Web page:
Now Berry is the topic of a full-length biography I sit up for studying: Thomas Berry: A Biography by Mary Evelyn Tucker, John Grim, and Andrew Angyal (Columbia College Press, 2019), 360pp.
Thomas Berry (1914–2009) was one of many twentieth century’s most prescient and profound thinkers. As a cultural historian, he sought a broader perspective on humanity’s relationship to the earth with the intention to reply to the ecological and social challenges of our occasions. This primary biography of Berry illuminates his outstanding imaginative and prescient and its persevering with relevance for attaining transformative social change and environmental renewal.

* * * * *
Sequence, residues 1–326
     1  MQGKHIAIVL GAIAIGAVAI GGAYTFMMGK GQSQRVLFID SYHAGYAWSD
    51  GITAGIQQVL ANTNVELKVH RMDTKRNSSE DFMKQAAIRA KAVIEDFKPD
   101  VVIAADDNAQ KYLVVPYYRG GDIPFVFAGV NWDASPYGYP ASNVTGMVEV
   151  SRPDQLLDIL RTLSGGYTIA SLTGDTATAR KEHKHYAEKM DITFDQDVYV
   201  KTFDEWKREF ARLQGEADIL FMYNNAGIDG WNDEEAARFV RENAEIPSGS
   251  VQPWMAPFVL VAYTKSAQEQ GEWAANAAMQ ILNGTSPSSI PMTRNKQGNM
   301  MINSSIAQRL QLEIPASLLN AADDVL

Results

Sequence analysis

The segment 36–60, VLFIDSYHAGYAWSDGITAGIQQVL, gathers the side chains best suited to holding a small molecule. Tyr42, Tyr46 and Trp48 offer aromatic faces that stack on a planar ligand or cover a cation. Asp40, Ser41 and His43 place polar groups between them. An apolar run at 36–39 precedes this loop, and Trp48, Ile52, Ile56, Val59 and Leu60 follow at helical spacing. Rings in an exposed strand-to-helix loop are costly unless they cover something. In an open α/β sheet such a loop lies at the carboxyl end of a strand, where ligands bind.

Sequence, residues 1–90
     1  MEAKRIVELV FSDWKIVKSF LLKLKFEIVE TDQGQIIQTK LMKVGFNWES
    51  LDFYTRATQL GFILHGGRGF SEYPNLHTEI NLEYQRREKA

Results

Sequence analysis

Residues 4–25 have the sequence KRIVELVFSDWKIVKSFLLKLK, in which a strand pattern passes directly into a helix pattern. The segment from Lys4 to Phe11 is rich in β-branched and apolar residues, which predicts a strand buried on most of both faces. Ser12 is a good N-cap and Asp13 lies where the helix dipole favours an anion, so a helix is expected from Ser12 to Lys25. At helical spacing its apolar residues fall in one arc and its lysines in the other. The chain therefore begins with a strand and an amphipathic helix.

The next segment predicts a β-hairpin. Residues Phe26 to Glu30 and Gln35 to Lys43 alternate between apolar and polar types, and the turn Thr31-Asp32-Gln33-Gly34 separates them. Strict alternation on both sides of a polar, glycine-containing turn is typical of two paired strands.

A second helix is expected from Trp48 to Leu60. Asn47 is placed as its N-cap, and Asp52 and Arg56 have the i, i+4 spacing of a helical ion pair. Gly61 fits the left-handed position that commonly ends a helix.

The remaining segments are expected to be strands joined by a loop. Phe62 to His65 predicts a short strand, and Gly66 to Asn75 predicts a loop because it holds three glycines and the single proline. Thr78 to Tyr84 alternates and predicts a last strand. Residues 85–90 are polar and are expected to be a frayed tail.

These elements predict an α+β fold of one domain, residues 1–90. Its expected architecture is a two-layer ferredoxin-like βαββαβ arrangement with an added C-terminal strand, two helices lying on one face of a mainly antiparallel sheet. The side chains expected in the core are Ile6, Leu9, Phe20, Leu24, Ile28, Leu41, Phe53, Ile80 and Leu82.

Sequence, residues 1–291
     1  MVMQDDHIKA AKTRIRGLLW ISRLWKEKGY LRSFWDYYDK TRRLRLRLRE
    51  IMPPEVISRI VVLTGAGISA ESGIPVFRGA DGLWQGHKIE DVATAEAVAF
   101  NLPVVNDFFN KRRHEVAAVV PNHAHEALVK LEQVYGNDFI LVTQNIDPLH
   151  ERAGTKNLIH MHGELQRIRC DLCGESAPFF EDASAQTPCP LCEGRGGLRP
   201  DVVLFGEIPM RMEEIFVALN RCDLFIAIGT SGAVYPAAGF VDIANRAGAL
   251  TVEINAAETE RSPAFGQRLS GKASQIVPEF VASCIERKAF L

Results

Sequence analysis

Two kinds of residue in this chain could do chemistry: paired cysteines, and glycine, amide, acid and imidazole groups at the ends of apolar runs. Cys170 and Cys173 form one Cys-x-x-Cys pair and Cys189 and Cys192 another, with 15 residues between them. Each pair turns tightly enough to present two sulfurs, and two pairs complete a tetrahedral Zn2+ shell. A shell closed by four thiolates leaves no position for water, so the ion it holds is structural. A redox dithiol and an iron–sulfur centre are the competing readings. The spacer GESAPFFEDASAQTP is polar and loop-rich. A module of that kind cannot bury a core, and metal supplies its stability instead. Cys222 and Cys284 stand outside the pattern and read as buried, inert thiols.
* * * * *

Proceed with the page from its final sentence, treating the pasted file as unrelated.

Berry started his research in Western historical past and religions after which expanded to incorporate Asian and indigenous religions, which he taught at Fordham College, Barnard Faculty, and Columbia College. Drawing on his explorations of historical past, he got here to see the evolutionary course of as a narrative that would assist restore the continuity of people with the pure world. Berry urged people to acknowledge their place on a planet with complicated ecosystems in an enormous, evolving universe. He sought to exchange the fashionable alienation from nature with a way of intimacy and accountability. Berry referred to as for brand spanking new types of ecological schooling, legislation, and spirituality, in addition to the creation of resilient agricultural programs, bioregions, and ecocities. At a time of rising environmental disaster, this biography exhibits the continuing significance of Berry’s conception of human interdependence with the earth as a part of the unfolding journey of the universe.